The third example reinforces the call to fidelity. Job, like the prophets who followed him, learned to live by faith. What does it mean to live by faith? Simply this: God has promised to take care of us, and we have a choice–we can believe Him and live confidently, knowing things will work out for the best, or we can doubt Him. Job, long after he had lost everything, could still say, “as for me, I know that my Redeemer lives, and He will stand upon the earth at last. And after my body has been destroyed, yet in my flesh I will see God!” (Job 19:25-26).
Can you identify with Job’s declaration? What about this one from Micah, a prophet who lived 700 years before Jesus:
“As for me, I look to the Lord for help. I wait confidently for God to save me, and my God will certainly hear me. Do not gloat over me, my enemies! For though I fall, I will rise again. Though I sit in darkness, the Lord will be my light. I will be patient as the Lord punishes me, for I have sinned against Him. But after that, He will take up my case and give me justice for all I have suffered from my enemies. The Lord will bring me into the light, and I will see His righteousness” (Micah 7:7-9).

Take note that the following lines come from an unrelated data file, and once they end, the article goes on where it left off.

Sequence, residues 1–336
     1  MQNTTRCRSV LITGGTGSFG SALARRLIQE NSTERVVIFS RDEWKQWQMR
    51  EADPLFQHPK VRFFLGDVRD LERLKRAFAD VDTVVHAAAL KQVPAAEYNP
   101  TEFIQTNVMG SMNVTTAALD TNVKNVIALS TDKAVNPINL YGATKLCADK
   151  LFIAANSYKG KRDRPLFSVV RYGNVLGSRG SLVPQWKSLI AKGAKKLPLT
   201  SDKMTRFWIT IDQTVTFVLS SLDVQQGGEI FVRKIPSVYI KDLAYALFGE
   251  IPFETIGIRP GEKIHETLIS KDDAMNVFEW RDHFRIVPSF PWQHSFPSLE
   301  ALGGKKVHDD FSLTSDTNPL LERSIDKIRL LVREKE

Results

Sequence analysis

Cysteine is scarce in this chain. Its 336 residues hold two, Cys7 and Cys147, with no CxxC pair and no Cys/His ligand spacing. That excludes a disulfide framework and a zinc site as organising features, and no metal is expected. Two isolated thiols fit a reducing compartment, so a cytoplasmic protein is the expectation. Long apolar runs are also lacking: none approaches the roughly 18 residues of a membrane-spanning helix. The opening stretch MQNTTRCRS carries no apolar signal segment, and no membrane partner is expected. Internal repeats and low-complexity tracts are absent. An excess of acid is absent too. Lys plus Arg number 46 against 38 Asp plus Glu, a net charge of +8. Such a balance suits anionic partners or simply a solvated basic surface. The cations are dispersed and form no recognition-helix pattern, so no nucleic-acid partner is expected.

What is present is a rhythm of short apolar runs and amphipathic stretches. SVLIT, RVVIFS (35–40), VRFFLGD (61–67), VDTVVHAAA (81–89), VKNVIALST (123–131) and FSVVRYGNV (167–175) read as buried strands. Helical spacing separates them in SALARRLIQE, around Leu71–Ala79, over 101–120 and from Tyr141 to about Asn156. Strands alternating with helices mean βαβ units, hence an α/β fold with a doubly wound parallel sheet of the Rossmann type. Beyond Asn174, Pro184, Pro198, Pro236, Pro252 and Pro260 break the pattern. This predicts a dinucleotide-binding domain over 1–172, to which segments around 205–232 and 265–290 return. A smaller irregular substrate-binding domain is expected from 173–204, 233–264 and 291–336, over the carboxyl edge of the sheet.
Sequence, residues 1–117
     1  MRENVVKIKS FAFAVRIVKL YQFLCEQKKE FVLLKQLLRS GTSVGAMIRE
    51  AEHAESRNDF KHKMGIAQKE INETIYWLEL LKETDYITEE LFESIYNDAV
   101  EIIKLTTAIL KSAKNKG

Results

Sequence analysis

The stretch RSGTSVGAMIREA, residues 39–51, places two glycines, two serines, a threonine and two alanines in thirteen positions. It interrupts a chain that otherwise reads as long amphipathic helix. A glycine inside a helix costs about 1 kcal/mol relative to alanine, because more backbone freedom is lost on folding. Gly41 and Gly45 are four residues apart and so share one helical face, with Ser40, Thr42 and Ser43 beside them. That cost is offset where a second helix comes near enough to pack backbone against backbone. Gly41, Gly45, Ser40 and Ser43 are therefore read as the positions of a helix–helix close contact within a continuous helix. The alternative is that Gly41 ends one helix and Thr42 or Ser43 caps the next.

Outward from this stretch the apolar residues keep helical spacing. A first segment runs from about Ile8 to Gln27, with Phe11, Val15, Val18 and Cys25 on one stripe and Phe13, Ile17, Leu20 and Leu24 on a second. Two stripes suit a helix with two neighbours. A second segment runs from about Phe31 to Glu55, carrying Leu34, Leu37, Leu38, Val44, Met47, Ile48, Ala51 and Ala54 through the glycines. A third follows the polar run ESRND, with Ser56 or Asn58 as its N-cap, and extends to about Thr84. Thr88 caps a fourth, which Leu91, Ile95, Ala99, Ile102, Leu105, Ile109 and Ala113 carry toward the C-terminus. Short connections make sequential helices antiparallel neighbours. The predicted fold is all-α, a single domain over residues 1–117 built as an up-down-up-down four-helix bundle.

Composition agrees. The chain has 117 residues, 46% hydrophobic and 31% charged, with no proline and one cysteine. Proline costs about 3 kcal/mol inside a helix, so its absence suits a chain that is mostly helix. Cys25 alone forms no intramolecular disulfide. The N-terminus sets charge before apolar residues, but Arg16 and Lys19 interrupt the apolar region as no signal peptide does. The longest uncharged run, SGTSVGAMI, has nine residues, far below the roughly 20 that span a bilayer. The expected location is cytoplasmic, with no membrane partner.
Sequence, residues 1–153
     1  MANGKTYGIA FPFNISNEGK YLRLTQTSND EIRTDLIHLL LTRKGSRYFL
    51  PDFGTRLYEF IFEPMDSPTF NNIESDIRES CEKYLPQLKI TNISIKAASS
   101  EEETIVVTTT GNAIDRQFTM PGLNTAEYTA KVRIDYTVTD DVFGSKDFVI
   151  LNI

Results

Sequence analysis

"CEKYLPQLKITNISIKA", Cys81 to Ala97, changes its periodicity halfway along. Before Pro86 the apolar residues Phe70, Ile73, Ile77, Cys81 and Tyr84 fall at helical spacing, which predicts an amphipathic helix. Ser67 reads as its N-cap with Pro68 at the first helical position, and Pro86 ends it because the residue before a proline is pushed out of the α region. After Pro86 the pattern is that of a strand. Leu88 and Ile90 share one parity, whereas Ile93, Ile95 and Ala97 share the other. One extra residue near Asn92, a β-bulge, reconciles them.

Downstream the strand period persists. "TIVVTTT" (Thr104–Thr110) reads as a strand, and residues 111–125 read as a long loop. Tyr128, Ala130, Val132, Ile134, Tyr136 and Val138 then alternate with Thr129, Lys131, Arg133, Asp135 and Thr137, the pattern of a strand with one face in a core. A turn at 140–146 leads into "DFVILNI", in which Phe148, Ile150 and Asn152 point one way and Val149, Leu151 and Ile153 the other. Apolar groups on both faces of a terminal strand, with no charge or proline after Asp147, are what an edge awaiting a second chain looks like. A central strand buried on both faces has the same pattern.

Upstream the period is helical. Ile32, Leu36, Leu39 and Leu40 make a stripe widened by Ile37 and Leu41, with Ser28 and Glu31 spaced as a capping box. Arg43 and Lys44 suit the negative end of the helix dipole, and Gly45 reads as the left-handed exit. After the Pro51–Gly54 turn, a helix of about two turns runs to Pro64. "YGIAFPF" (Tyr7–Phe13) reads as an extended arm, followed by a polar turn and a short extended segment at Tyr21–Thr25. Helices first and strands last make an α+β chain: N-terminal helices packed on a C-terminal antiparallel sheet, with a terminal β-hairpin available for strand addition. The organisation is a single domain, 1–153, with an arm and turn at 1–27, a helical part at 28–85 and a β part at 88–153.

These passages from Micah and Job get to the heart of how patience is developed, and it’s a slow process. Patience comes gradually as we spend time praying, listening, learning, accepting the Lord’s discipline, and training our soul to trust God even when things are falling apart around us.
Let’s conclude our look at patience with an admonition that is especially relevant for Christians today. The prophet Habakkuk is upset because God promised deliverance and has not provided it. God assures him, “Slowly, steadily, surely, the time approaches when the vision will be fulfilled. If it seems slow, do not despair, for these things will surely come to pass. Just be patient! They will not be overdue a single day” (Habakkuk 2:3).
Why the warning against impatience? Because you and I, like Habakkuk, are living in the time between God’s promise to make things right and its fulfillment, and humans are naturally impatient. From childhood we’ve been programmed to demand what we want when we want it, and that is a hard habit to break.
Thankfully, God has made provision for our desire for instant gratification: He makes us wait. In grocery lines, in traffic, in doctor’s offices, and a hundred other places. Our wait-time gives us the opportunity either to learn patience or to experience the physical, emotional, and relational consequences of impatience.
Commit your way to the Lord; trust in him, and he will act… Be still in the presence of the Lord, and wait patiently for him to act.